Panti said that she got through an entire day without checking herself, and that she does not feel oppressed.
A couple of friends of mine walked to the local shop together. A man approached them shook their hands, and told them to never stop holding hands.
Another friend talked about all the same-sex couples she saw holding hands, embracing, being unapologetically together on our streets and in our parks.
And I walk down the street alone with a Yes badge on my shirt- I can’t bear to take it off yet. It’s met on every street with infectious, unstoppable smiles. Moments of overjoyed connection with strangers- and not just the strangers we’ve been led to expect. The buttoned-up, the middle-aged, the most conservative appearing of us can’t help but break into grins when we see each other.
This is about marriage, but this is about so much more. This was about changing a society, and it was about letting everyone in that society know how it had changed.
This campaign was hard. It was cruel at times. The helpless frustration of seeing signs on every street telling you that you are unfit, inadequate, should be happy to put up with less. Hearing unashamed bigotry dressed up as genuine concerns in a cowardly media. Feeling the weight of money and influence wielded by people who hate us so much that they threw everything they had into keeping us down. Hearing stories of kids of same sex couples, of adopted kids, of kids of single parents seeing those same posters telling them that their families weren’t enough, and feeling helpless to do anything about it.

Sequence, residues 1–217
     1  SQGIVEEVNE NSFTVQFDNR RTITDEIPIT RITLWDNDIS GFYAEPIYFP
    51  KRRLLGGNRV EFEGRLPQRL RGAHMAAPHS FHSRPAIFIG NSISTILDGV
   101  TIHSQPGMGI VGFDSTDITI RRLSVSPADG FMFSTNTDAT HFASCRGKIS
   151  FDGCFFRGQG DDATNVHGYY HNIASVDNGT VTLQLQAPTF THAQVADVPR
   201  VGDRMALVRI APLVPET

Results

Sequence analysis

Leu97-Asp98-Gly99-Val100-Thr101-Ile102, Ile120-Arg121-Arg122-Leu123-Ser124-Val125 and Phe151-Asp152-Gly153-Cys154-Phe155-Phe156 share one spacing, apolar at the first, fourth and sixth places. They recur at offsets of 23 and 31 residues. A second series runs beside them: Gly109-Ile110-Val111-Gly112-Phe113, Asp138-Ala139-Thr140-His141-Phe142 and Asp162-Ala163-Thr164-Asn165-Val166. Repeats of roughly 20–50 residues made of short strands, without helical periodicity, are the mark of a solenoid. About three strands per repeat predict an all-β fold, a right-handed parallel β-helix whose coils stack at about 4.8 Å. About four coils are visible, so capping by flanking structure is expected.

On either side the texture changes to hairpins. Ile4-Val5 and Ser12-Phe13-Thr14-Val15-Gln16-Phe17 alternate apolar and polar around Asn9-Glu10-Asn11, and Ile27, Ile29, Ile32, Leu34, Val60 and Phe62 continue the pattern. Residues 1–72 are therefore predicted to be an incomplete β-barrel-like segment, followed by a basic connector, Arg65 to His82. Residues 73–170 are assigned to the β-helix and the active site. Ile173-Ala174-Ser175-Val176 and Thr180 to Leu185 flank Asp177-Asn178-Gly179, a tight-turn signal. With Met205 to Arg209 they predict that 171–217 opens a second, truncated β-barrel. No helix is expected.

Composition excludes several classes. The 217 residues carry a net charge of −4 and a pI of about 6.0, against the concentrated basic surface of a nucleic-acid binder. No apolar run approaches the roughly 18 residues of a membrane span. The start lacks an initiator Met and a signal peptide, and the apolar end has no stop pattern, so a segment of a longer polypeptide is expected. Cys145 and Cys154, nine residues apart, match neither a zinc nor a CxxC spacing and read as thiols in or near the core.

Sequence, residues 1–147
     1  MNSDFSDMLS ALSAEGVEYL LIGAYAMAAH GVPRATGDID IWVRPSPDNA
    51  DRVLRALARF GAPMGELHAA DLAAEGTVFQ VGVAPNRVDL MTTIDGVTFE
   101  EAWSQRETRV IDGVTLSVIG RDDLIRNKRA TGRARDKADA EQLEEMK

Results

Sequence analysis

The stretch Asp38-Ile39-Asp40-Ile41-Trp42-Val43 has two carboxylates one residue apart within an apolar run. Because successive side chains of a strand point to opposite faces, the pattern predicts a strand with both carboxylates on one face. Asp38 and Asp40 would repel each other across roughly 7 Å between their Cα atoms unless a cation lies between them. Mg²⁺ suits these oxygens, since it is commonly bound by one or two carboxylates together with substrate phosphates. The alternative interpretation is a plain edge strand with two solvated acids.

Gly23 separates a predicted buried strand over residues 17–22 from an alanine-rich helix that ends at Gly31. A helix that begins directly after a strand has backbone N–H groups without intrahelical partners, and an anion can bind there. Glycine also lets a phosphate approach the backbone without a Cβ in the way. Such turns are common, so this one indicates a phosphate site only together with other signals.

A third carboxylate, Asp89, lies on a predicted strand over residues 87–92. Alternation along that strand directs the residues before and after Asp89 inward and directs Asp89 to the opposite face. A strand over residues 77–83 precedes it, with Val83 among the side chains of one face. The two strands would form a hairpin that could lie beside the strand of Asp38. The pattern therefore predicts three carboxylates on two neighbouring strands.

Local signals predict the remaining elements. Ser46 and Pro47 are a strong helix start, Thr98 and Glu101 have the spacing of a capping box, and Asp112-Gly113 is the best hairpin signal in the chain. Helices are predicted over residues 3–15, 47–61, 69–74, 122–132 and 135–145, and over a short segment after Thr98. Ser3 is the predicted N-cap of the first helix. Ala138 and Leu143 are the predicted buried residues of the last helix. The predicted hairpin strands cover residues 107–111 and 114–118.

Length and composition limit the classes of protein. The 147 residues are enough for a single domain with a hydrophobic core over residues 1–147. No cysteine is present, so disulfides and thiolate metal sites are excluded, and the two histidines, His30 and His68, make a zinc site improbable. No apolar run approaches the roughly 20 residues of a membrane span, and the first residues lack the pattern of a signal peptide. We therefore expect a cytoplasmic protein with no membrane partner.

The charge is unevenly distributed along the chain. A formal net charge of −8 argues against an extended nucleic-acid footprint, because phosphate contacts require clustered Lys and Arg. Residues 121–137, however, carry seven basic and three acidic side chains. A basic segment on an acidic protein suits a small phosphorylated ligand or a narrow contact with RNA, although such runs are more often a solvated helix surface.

The campaign was cruel, and it was an unnecessary cruelty.
But- and here is the beautiful thing- the campaign was also kind. We didn’t just fight. We cared for each other. We knew that we could only win by sharing some of the most vulnerable parts of ourselves with strangers, and by being judged for those. So we did. On doorsteps and streets and online and in newspapers and even on TV we shared our stories, our families, our lives and our fears, in the hope that they would find a spark or humanity and empathy in people who had never met us. And it did. Continue reading “Never Stop Holding Hands: how love took on a monster, and won.”